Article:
It was always our dream as little kids to be able to take the arcade shoot ’em up into our living room. We could have never imagined that more than two decades later, not only would we be able to play these types of games at home, but we’d be playing in a completely immersive VR environment.
When we set out to make The Brookhaven Experiment, our goal was to recreate that kind of visceral feeling from the arcades. But we wanted to ratchet up the stakes with 50 foot tall monsters and creatures coming at you from all angles with all the different weapons you could hope for, just waiting to be chosen. Something was missing, though… we didn’t just want to see the rifle anymore, we wanted to feel it, too.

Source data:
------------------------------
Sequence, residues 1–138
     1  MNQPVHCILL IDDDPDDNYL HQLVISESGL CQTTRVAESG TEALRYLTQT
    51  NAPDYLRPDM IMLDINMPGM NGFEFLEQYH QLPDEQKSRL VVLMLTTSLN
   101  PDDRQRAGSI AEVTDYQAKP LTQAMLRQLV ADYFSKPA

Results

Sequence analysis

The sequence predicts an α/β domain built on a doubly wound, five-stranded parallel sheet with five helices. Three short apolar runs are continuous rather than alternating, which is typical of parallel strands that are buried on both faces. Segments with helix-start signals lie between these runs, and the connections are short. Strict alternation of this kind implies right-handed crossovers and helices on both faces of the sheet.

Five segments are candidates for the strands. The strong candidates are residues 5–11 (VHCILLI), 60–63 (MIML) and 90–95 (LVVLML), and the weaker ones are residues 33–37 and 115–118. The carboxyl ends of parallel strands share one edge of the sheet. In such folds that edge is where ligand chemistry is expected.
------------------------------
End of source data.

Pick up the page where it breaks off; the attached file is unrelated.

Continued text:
That experience from the arcades was tied to that experience of holding something real in your hands. So, consider ourselves lucky when Sony announced that they were releasing the Aim Controller for PS VR. Without a moment passing by, we wanted to be the first game to support it. And, as we worked to integrate it, that feeling came back. Not only was our vision immersed… the feeling of holding the weapon in our hands changed how the game affects us mentally, too.
It’s an exciting time to be a developer and PlayStation has created a playground for us to create the kind of memorable experiences that we hope will inspire future game devs more than two decades from now. That’s what we strive towards and we’re so excited to see people immerse themselves one step further on Wednesday, June 26 when The Brookhaven Experiment adds Sony Aim Controller support.